It’s a critical job that comes with little glory and a lot of pressure. But for ASEA/AFSCME Local 52 member Heather Mikesell, a child protective services case worker, making sure that the kids of Fairbanks, Alaska, are safe is its own reward.
She and her teammates face high caseloads, difficult family dynamics, scarce resources and a built-in skepticism for the essential role they play in their community.
Despite those obstacles, however, according to Ann Parson, Mikesell’s co-worker who nominated Mikesell for AFSCME’s Never Quit Service Award, Mikesell is a consummate professional: composed, focused and respectful, always treating the families with whom she works with dignity.
“She’s been a consistent, compassionate, knowledgeable worker,” says Parson. “She’s a great role model and mentor for newer workers.”
Mikesell works for the Alaska Department of Health and Social Services. She is the tip of the spear of the child protective system, the first person to make an in-home visit with kids and their parents to assess whether a child is safe, or whether that child is in danger and needs to be removed from the home.
The families she works with may be in crisis, struggling with poverty or drug addiction, or even criminal activity that might endanger the life of the child. In many respects, Mikesell and her team of child protective services workers are like first responders. Often, when they enter a home, they are met with skepticism or even hostility.
“We’re not people’s favorite,” says Ann Parson, whose job is to work with families after Mikesell has made her initial determination about a child’s near-term future. “The job we do isn’t warm and fuzzy. But it’s a necessary job.”
Contrary to the popular misconception that her role is to simply remove kids from their homes, Mikesell says the reality is just the opposite. Whenever possible she tries to find a way to keep a child in their home, with their families. The cornerstone of making that decision rests on building a rapport with the families she’s assigned. Communication and empathy are key qualities.
“You have to talk to people, not at them,” says Mikesell. “I’ve had people come in hot with me and by the time we’re able to sit down and have a conversation, we’ve left on a good note. I’ve been able to get parents engaged in [support] services, so I can get out of their lives. I tell them the ultimate thing is for us to never talk again.”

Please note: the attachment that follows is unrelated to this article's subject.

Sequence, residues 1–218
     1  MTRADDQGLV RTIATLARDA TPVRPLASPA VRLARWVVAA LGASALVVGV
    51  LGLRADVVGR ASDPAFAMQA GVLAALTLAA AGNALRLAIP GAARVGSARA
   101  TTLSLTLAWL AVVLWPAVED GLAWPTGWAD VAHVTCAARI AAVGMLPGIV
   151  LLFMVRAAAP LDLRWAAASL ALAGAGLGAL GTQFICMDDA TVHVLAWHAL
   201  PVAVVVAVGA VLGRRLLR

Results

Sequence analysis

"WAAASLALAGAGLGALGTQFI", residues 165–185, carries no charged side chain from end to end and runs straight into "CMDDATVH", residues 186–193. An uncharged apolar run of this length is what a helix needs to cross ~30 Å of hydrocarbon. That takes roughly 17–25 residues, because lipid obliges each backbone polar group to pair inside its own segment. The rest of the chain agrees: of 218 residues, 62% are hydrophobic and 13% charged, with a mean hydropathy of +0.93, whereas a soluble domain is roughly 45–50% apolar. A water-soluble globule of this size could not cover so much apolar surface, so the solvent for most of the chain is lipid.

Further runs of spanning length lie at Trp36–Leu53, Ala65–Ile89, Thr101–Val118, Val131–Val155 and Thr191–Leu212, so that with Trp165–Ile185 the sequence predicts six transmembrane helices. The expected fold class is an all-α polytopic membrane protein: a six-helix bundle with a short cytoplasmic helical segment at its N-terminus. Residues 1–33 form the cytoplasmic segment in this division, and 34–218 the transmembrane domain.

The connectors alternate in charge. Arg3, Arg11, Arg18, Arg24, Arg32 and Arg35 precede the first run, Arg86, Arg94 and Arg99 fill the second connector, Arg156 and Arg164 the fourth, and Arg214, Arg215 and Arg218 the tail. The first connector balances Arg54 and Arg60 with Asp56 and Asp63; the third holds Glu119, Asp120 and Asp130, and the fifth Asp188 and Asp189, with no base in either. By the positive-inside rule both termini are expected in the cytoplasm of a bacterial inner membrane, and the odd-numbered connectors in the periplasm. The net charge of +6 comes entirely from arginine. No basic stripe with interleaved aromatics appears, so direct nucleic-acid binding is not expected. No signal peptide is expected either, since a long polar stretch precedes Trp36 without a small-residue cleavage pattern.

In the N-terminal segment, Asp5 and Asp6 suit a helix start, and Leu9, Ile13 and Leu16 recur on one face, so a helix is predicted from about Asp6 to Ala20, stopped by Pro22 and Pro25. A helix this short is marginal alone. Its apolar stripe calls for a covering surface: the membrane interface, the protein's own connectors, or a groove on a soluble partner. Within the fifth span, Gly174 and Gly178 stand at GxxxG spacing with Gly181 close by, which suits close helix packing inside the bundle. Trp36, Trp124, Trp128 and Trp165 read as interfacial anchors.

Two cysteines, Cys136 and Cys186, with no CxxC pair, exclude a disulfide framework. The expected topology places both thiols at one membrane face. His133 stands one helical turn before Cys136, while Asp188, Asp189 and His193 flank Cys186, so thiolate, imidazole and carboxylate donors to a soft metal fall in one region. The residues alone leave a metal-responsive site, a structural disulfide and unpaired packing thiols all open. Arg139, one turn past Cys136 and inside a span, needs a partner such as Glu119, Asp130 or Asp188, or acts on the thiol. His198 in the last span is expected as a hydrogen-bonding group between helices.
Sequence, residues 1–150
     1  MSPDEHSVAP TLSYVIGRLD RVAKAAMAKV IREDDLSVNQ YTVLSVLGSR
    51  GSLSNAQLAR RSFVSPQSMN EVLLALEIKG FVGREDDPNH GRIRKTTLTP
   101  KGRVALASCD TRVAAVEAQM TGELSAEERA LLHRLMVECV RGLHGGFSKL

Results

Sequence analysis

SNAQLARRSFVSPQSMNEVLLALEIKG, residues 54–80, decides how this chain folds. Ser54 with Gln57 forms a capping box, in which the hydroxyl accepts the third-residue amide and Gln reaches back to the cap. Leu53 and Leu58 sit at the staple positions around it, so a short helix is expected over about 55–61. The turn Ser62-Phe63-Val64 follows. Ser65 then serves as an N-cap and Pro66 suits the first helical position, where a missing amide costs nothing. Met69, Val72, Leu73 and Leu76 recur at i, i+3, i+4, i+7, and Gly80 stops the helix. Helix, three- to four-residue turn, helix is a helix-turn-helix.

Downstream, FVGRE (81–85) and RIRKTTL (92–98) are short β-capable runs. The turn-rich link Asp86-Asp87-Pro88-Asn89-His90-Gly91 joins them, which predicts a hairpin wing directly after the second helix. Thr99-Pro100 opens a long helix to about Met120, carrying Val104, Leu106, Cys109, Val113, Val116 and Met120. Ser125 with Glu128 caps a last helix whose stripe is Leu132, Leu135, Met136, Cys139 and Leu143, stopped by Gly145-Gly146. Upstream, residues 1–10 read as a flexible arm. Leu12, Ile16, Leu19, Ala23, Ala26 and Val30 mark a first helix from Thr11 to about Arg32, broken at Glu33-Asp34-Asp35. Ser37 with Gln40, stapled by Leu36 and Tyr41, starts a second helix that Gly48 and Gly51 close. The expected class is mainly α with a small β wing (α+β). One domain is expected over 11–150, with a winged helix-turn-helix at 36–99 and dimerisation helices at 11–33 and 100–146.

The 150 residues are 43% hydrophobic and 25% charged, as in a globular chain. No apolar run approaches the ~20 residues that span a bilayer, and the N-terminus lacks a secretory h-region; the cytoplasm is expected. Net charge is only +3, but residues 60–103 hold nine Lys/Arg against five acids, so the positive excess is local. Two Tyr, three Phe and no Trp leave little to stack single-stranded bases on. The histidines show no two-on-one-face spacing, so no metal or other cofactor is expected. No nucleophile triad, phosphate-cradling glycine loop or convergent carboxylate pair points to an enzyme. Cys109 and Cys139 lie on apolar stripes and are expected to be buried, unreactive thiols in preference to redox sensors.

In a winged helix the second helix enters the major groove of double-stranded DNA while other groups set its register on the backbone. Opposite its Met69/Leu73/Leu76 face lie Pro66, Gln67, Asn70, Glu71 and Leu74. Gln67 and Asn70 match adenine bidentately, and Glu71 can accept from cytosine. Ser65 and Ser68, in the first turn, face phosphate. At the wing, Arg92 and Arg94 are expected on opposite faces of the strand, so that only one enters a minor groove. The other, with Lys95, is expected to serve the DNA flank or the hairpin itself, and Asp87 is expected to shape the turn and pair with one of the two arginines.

By working with law enforcement, educators, medical professionals and other support services professionals, Mikesell will develop a plan that will first and foremost safeguard a child, while also helping families get out of crisis and back on track.
If the best-case scenario means Mikesell never has contact with families who’ve turned a corner, some of the most painful episodes that weigh on Mikesell are when newborns need to be removed from their parents.
“It’s gut wrenching to have to remove a child from their mother. It’s such a critical time and that contact is so essential. But newborn infants are the most vulnerable of the vulnerable. When you’re dealing with abuse, we have to err on the side of caution,” Mikesell says.
In those heartbreaking cases, Mikesell will scramble to find a relative who can care for the infant to preserve that family bond. In some cases, she’ll even transport a mother’s breast milk to a newborn to maintain the important mother-child connection.
“We’re always thinking outside the box, while still maintaining the safety of the child and getting the parents into the services they need,” says Mikesell.
Whether a child is an infant or much older, any time Mikesell has to remove a child from their home, it takes a toll on her. Her job comes with high turnover and high burnout, notes Ann Parson. Nevertheless, Parson adds, “Heather has stepped into a leadership role.”
Mikesell draws on a deep well of solidarity and respect among her co-workers as a source of strength during difficult times on the job.
“Even though the work is very challenging and there’s never enough time to get it done, I do very much enjoy working with my colleagues,” says Mikesell. “I like how we come together to have each other’s backs.”
While the job has many harrowing moments, one of the highlights is working with the kids who she’s dedicated to protecting.
“They have some of the best personalities. Every kid’s story is different,” says Mikesell with a laugh. Another unique characteristic of kids: their resilience. Mikesell borrows that quality every day in her own work.